Some Alfa Romeo sport utility vehicles are being called back across the country because of a defect that could cause them to go up in flames.
Stellantis recently announced that it is recalling certain Alfa Romeo Tonale plug-in hybrid SUVs over fire risks. Loose integrated dual charging module cables make the cars susceptible to fires, the company said in a defect notice filed with the National Highway Traffic Safety Administration.
“A loose 12V battery positive cable and/or high voltage connectors may result in a high resistance in the connection to the IDCM which may lead to a vehicle fire with the ignition on or off,” Stellantis told NHTSA. “A vehicle fire can result in increased risk of occupant injury and/or injury to persons outside the vehicle, as well as property damage.”
The recall covers certain 2023-2024 Tonale SUVs, which were produced between February and August. Stellantis is also calling back some Dodge Hornet plug-in hybrid SUVs for the same defect.
The company plans to begin notifying owners of the recalled cars - which total about 4,100 vehicles, in late October. It will ask owners to bring their vehicles to local dealers for inspections and repairs.
Owners should park their vehicles outside in the meantime.
“Customers are advised to not park these vehicles inside of buildings or structures or near other vehicles until the vehicle has the final repair completed,” Stellantis said in the defect notice.
Electric Vehicle Fire Risks Continue
The recall is just the latest example of seemingly growing concerns about vehicle fires in electric cars.
Ford Motor Co., for example, announced over the summer that it was calling back some 15,000 electric Fusions for similar battery fire risks.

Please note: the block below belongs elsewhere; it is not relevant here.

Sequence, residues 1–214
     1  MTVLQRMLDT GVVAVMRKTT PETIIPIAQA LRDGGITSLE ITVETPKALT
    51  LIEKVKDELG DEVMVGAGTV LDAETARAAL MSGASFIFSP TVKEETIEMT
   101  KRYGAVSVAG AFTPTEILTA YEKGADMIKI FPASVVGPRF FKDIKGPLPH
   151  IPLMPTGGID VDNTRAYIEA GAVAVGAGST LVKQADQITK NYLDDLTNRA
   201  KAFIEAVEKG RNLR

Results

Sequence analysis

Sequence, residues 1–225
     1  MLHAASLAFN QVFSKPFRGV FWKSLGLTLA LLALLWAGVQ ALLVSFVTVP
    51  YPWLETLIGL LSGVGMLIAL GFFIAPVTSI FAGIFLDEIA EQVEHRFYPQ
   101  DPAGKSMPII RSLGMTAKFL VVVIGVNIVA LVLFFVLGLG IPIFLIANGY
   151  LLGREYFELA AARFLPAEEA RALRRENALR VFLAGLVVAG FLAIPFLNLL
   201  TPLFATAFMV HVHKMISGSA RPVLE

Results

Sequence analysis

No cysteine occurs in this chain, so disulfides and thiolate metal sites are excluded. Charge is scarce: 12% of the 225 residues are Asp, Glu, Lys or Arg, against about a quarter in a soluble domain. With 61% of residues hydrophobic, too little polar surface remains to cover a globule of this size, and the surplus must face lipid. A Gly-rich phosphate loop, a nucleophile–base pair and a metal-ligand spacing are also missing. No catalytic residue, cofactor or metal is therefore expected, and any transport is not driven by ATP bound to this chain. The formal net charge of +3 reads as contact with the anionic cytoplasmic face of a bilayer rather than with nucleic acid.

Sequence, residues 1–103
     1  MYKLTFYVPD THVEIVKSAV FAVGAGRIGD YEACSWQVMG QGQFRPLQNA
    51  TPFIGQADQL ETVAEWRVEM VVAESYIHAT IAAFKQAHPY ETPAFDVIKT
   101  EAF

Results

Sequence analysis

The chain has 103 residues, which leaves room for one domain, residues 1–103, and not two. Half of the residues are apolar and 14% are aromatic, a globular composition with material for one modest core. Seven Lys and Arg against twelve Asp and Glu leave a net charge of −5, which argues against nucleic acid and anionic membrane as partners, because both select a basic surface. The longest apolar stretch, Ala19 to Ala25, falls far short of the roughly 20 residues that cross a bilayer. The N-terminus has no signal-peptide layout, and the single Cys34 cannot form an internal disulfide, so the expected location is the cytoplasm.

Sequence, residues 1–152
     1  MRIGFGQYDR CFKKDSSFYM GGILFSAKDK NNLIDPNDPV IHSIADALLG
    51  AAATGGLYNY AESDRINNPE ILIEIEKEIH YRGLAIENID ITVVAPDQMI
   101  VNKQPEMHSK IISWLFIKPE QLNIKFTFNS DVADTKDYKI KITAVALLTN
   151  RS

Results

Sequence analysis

That recall came just months after Hyundai and Kia announced they were calling back more than half a million hybrid vehicles over fears that they could catch fire. Owners of those cars were also instructed to park outside until the defect was fixed.
How the California Lemon Law Works
California car owners and lessors have some important rights and protections under the state’s lemon law. You do not need to wait for a recall to get a defective vehicle fixed.
The lemon law, officially known as the Song Beverly Consumer Warranty Act, forces automakers to perform a full range of repairs on cars while they are under warranty. It also requires the companies to buy back (or replace, in some cases) vehicles that they are unable to or simply decline to fix.
There is no specific number of repair requests or attempts that must happen before the buyback or replacement requirement kicks in. An experienced lemon law attorney can help you understand your rights and take action.
Our California Lemon Lawyers Can Help
At Bickel Sannipoli, our California lemon law attorneys have assisted hundreds of clients across the state stuck with defective or malfunctioning vehicles.
We are conveniently located in Los Angeles, San Diego and San Francisco. Call us at (888) 800-1983 or contact us online to speak with a California lemon law attorney today.